A Powerhouse of 24 Led By 13

George Selamaj (19) speaks highly of the senior leaders: Our team wont be the same without them next year, so we have to take every game seriously and have the will to win more.” Photo Credit:  Dan Burke

George Selamaj (’19) speaks highly of the senior leaders: “Our team won’t be the same without them next year, so we have to take every game seriously and have the will to win more.” Photo Credit: Dan Burke

The Cape Henry Boys Varsity soccer team has never failed to impress their fans and their opponents, each year. This time around, the boys have a talented roster of 24, led by 13 seniors. With this many leading the team, they shared how it is not always easy agreeing with one another and maintaining a healthy team dynamic. All of the seniors have been working hard, juggling their Cape Henry practice and their club practices each night. With this, they are still showing an exceptional amount of commitment to the team and to their teammates standing beside them. Together, the 13 young men have worked tremendously hard to lead the team in a respectable manner this year, and have a goal to continue to lead in that way until they finish with a state title.

George Selamaj, ‘19, shared his thoughts about the team and its leaders, and said “They’ve improved our team a lot and are a good example to the rest of us.” George understands that his role next year as a senior will be different than this year. “There will be twice as much work to be done when we lose them.” With only one year remaining with this senior squad of 13, players like George are crawling closer to filling their shoes. “Our team won’t be the same without them next year, so we have to take every game seriously and have the will to win more.” George is certain that if they maintain their drive then they will find their successes and win a state title.

Wladimir Gassant, ‘19, shares his thoughts about the team this year and how he will be stepping up as a senior next year. “It’s bad to have 13 seniors this year because next year we are going to lose half our team. Next year, I have to step up and be assertive and provide leadership when needed.” He hopes that next year, the team can maturely play together and “pick up where we leave off this year. The most frustrating thing is when preseason comes around each summer, and we act like we have never played with each other before. As a senior next year, I am going to try and prevent that from happening.”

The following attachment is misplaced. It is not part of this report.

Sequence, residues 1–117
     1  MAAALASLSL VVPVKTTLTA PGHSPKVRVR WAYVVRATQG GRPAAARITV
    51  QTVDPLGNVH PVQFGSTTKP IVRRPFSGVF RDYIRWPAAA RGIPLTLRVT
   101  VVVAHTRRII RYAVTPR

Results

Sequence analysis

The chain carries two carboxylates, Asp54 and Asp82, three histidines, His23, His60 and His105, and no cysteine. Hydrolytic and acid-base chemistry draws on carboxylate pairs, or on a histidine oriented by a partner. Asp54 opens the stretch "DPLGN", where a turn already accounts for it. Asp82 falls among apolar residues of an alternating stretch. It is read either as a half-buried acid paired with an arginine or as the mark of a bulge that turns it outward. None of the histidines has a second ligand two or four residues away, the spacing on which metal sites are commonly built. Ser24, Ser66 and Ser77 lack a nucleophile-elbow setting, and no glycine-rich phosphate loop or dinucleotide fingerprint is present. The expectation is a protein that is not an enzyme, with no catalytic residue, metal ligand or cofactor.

Nathaniel Thomas and Travis Horvath, both returners, are among this senior crew of 13. Both Nathaniel and Travis agreed that there is a significant amount of work that comes with leading a team, especially when it is full of 24 equally talented and knowledgeable players. Every player on the team is a strong player who understands the game and wants to be their best. “But with this, we are seeing some signs of careless, individual play”, says Nathaniel Thomas. “We’re getting better,” says Horvath when he was asked about the dynamic of the team this year. “We didn’t start well. We went into our season opener feeling cocky and too secure. Our dynamic was immediately ruined once we approached our first game that way.” As a senior, Travis understands the importance of taking every game with an open mind and not going into the game thinking too much.

Looking at each other with a confident smile, the boys believe that with the skill they have circulating through the team, they could hold a state title by the end of the season. Without a doubt, Nathaniel has full confidence that they will shape up into a team instead of a bunch of talented individuals. He shared that as a senior, it is his responsibility to secure a team dynamic and a group of young men that care about, respect, and play for each other. His approach to it all is encouragement. Nathaniel shared how nothing will be achieved if everyone on the team doesn’t feel appreciated and included. “I’m going to make sure that I encourage every player on our team, and for the players on the bench, I want to ensure that they know that their personalities and dedication doesn’t take a back seat to the starters.”

Phillip Usonis,’18, also agreed that the team is individually driven yet lacking team connection. “We have a better chance of winning, but we’re also just wasting that away because everyone is playing for themselves and we are really divided.” He shared that he is going to do everything in his power to “keep winning game after game, because the more we lose or go down during a game, the more we fight and turn to playing individually.” He aspires to have a strong team dynamic, but he knows that if the selfish individuality continues, then they will drift further away from the state title.

The ultimate goal for all of the boys this year is to win a state title. Everyone on the team believes that it is possible, but only achievable when the switch is turned from individual play to unified play. Although the boys struggle to unify at this point in the season, they all are willing to give everything to effectively use the talent of all the players and the leadership of the 13 seniors.